As we see in the first episode of the fourth season, the Academy is being revitalized – an important development, which, along with inauguration of the Archer Spacedock, demonstrates that Starfleet is drawing inspiration from the past as they look towards the future, all in spite of the setbacks it has undergone. It has indeed been a long road, getting from there to here, but these developments make it clear that those within Starfleet are not ready to give up yet.
While many worlds may continue to be skeptical of the Federation and question whether or not it is possible to unite across planets, Disco has an answer for those who might consider abandoning the Starfleet mission in the face of this adversity: hope still exists and connection is still possible, but the only way we can achieve that is through hard work (including on ourselves) and by striving to better understand those who are different and/or disagree with you.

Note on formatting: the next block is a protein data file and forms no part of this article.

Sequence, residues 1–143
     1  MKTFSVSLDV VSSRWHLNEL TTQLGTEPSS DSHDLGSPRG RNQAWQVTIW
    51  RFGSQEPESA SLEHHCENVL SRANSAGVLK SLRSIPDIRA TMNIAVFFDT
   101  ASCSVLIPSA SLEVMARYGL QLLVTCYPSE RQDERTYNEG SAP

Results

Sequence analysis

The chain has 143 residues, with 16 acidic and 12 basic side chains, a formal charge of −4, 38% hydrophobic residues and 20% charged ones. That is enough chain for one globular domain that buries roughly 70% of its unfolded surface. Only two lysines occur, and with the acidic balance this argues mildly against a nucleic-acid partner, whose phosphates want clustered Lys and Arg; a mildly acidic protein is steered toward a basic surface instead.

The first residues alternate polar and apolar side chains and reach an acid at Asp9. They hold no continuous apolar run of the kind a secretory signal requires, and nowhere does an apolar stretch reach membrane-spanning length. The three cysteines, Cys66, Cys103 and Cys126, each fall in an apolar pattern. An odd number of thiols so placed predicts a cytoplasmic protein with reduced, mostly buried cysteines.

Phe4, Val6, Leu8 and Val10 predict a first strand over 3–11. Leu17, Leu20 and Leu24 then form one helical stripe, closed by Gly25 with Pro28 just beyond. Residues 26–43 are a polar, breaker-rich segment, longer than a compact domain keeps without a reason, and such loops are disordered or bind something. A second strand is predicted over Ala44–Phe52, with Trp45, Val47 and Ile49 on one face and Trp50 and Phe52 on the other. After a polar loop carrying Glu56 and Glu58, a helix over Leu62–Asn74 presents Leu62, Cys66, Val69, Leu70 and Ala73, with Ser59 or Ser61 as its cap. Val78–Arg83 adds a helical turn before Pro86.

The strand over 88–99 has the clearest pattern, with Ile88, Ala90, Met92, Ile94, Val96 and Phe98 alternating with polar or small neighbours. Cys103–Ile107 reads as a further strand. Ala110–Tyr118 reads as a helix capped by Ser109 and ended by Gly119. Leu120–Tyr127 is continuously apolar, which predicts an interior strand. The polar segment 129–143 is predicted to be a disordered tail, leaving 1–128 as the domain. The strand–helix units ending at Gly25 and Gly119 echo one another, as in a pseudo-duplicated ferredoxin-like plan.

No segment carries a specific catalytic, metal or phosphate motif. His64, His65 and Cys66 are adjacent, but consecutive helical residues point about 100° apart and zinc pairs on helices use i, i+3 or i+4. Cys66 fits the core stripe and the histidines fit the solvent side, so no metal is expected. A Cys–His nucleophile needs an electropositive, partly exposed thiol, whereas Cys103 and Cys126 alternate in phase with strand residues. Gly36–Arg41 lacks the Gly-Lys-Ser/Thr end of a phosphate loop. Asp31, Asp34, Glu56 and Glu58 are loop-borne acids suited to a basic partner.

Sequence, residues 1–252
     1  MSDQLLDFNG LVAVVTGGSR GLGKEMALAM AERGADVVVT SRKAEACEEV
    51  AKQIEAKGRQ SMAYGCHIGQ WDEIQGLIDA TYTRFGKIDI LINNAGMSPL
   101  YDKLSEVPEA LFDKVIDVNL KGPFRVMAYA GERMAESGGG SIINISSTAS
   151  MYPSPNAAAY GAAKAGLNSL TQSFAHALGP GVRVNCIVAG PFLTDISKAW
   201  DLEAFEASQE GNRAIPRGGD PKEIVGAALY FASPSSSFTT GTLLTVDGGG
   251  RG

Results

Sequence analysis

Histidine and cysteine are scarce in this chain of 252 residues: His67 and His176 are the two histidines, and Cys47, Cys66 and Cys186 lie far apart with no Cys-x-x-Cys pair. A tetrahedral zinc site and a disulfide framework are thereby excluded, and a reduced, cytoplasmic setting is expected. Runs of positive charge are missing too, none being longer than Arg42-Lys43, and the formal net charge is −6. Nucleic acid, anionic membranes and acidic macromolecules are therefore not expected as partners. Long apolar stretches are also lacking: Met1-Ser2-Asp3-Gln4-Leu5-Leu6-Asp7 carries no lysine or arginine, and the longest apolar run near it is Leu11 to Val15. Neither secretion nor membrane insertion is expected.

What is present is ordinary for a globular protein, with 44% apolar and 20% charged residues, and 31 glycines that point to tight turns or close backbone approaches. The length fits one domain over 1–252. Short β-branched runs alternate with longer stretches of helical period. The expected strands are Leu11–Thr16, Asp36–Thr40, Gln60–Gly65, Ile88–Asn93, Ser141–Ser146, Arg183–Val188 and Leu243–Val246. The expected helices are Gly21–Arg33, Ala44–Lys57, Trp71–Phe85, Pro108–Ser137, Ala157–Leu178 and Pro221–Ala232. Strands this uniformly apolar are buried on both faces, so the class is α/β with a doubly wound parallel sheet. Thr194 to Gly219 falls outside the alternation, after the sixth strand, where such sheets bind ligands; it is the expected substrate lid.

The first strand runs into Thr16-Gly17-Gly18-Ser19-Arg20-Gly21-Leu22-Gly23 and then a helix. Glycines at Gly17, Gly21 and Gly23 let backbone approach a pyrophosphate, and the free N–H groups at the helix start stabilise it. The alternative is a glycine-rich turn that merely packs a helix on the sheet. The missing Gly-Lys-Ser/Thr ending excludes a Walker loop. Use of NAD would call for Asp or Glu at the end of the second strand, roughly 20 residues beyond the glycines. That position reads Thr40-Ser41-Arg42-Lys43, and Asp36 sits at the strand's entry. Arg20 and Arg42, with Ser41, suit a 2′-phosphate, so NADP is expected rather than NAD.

It seems like it’s a simple message, but it’s not: just look outside your window if you need confirmation. But Star Trek: The Original Series was borne of the late 1960s, with its optimism intentionally offering a counterbalance to the political and social uncertainty of the time. Disco continues that ethos as we head into the middle of the very uncertain 2020s.
Disco Season Four Now Streaming
“Our prime obligation to ourselves is to make the unknown know,” said Gene Roddenberry. “We are on a journey to keep an appointment with whatever we are.”
The fourth season of Disco takes this sentiment to heart, foregrounding the characters’ journeys to discover the unknown in the depths of space, within themselves, and within one another. Furthermore, the series recognizes that these goals remain important – and perhaps even essential – in the face of the Anomaly, or whatever horrifying uncertainly might be lurking just outside your front door.
Disco’s fourth season never suggests that getting to the future will be easy, but it does demonstrate that it will be worthwhile. And hey – it might be worth it just for those incredible uniforms.